Landscape Ecology

, Volume 29, Issue 1, pp 29–40 | Cite as

Landscape connectivity may explain anuran species distribution in an Atlantic forest fragmented area

  • Mauricio Almeida-GomesEmail author
  • Carlos Frederico D. Rocha
Research Article


In this work we evaluated anuran species distribution in an Atlantic forest fragmented landscape, in the state of Rio de Janeiro, Brazil. Sampling was carried out in three continuous forest sites, 12 forest fragments, and five pasture areas (matrix). We recorded, by visual encounter surveys, 2,495 individuals from 50 amphibian species for all sampled areas. Considering the pooled data, higher richness occurs in continuous forest area. Additionally, more than a third of species that occurred in continuous forest area did not occur in fragments or in matrix. Both ordination analyses showed that continuous forest sites clustered together and matrix areas seemed to be separated from other areas. This ordination resulted from the existence of species occurring only in continuous forest, suggesting that these species may be sensitive to habitat fragmentation. Besides, matrix appears separated from other areas due to occurrence of frog species typical from disturbed environments, which are not recorded in continuous forest sites or in sampled fragments. By analyzing the effect of landscape metrics, we found that there was a tendency for fragments with lower isolation to have higher species richness and proportion of species which did not occur in matrix areas and amphibian local communities seems to be affected in a more local scale by habitat changes. Because local matrix is apparently hostile to typically forest-associated amphibian species, many of them may be unable to reach most isolated fragments by dispersal, which may explain observed results.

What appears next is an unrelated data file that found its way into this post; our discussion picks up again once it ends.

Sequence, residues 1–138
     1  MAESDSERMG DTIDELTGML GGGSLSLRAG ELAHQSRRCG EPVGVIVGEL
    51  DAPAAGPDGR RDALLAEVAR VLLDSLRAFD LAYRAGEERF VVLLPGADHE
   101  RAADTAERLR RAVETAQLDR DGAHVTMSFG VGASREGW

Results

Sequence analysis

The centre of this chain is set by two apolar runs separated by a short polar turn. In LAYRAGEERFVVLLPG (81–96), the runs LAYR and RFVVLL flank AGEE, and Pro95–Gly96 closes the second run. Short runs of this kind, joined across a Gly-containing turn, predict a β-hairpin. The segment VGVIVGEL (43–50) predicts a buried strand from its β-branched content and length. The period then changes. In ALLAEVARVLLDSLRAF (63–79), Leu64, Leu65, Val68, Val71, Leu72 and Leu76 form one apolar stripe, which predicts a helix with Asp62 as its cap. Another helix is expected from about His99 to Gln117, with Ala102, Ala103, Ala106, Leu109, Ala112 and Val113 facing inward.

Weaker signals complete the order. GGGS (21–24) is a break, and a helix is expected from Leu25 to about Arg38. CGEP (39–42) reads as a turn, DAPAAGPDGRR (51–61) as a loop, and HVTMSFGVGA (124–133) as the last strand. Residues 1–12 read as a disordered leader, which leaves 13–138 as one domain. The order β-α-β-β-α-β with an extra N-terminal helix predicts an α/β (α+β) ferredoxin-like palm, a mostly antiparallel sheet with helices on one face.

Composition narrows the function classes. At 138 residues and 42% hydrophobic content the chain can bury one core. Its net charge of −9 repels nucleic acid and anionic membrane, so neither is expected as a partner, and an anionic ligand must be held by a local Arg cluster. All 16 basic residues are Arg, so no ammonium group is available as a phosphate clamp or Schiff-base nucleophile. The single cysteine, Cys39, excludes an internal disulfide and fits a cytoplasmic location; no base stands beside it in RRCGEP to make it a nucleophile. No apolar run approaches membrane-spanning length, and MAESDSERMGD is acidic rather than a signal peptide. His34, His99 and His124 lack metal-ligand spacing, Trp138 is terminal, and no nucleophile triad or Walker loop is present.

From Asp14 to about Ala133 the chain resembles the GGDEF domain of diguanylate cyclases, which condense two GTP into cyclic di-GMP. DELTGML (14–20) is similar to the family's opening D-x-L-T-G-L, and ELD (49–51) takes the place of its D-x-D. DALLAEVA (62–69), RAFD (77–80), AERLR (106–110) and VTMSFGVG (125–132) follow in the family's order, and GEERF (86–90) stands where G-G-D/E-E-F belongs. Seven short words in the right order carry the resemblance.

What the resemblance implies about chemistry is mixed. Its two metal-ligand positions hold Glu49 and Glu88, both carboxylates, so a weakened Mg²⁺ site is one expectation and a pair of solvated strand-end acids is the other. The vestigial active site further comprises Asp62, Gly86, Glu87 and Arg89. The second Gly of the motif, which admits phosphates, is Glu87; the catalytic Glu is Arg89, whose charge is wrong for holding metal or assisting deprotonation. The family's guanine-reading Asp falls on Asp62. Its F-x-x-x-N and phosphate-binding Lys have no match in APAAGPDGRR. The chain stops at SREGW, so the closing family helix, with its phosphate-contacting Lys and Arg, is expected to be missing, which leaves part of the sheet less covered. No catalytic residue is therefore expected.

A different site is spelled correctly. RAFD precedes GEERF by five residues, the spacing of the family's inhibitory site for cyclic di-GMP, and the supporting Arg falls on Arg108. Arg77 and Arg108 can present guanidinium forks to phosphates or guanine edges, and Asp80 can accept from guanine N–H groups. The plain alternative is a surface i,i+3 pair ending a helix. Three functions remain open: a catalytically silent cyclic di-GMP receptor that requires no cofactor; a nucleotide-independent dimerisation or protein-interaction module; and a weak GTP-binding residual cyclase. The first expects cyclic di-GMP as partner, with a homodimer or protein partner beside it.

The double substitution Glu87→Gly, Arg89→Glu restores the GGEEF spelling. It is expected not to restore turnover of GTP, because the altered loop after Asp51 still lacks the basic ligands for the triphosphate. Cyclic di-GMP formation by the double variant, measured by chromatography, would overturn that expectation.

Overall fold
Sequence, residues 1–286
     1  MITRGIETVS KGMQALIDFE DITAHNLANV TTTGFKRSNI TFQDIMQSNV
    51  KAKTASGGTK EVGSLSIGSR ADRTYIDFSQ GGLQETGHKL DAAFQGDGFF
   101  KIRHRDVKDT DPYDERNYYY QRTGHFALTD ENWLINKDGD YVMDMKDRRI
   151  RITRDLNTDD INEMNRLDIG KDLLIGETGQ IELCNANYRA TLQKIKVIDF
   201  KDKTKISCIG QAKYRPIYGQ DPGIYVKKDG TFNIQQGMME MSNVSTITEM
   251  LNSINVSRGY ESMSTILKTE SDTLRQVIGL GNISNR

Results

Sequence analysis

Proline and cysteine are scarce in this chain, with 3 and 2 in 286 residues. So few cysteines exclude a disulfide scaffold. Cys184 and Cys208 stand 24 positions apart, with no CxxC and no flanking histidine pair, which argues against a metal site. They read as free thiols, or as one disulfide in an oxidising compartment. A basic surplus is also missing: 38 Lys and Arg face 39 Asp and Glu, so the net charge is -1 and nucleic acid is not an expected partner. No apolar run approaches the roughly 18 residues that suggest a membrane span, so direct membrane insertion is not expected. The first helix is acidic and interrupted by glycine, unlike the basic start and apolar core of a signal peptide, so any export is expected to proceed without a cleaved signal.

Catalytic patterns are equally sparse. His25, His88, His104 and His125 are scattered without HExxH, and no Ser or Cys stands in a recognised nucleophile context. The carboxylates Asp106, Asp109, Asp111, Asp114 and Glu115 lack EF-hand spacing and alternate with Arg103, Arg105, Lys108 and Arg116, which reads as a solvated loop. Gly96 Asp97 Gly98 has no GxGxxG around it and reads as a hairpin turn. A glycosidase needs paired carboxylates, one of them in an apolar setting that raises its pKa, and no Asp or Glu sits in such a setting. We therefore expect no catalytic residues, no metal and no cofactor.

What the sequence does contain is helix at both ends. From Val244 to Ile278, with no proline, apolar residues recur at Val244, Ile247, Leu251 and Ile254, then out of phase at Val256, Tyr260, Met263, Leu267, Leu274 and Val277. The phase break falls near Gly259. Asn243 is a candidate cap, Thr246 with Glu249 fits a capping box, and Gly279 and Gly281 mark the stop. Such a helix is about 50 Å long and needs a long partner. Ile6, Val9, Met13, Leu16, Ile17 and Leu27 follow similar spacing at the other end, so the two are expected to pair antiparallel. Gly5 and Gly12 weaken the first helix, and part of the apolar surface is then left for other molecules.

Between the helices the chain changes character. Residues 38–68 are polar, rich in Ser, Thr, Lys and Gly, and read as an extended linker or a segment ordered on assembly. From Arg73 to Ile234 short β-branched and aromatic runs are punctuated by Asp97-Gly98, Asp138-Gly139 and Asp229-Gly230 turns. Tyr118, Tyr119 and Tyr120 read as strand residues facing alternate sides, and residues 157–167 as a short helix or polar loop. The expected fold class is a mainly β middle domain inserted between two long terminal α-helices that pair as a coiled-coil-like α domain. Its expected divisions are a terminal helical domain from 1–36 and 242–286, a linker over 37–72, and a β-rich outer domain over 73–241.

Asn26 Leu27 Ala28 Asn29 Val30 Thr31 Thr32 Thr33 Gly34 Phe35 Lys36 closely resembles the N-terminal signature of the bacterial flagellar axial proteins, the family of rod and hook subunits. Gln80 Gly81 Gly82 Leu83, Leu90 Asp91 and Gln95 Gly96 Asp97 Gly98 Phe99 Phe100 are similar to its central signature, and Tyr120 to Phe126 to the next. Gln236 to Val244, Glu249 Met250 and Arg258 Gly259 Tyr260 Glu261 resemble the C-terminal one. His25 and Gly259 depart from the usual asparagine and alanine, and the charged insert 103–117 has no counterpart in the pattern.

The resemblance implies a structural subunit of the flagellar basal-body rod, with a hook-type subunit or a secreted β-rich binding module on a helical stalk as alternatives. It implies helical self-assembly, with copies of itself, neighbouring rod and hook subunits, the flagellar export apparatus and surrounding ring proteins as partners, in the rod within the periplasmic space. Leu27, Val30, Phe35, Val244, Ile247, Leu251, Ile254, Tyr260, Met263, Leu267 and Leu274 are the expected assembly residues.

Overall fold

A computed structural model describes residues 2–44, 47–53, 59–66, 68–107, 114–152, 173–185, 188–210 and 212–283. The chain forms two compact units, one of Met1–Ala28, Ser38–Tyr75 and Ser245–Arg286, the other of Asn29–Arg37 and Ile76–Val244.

Habitat fragmentation Tropical forest Anuran species Landscape structure Conservation 



This study was supported by research Grants from Conselho Nacional de Desenvolvimento Científico e Tecnológico (CNPq) (processes 304791/2010-5 and 470265/2010-8) and from Fundação de Amparo à Pesquisa do Estado do Rio de Janeiro (FAPERJ) through “Cientistas do Nosso Estado” Program (process E-26/102.404.2009) to C. F. D. Rocha. M.A. Gomes received PhD fellowships from Conservation International do Brasil and FAPERJ and currently receives Post-Doctoral fellowship from PNPD-CAPES. We thank Nicholas J. Locke of the Reserva Ecológica de Guapiaçu (REGUA) for making many facilities available during our fieldwork in that area and all colleagues who helped us with data collection. We also thank Davor Vrcibradic for kindly revising a manuscript draft version, two anonymous reviewers who helped us to improve our manuscript, and Hermano G. Albuquerque for help with map.

Supplementary material

10980_2013_9898_MOESM1_ESM.docx (43 kb)
Supplementary material 1 (DOCX 43 kb)


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Copyright information

© Springer Science+Business Media Dordrecht 2014

Authors and Affiliations

  • Mauricio Almeida-Gomes
    • 1
    Email author
  • Carlos Frederico D. Rocha
    • 2
  1. 1.Graduate Program in Ecology, Department of Ecology, Biology InstituteFederal University of Rio de JaneiroRio de JaneiroBrazil
  2. 2.Department of EcologyState University of Rio de JaneiroRio de JaneiroBrazil

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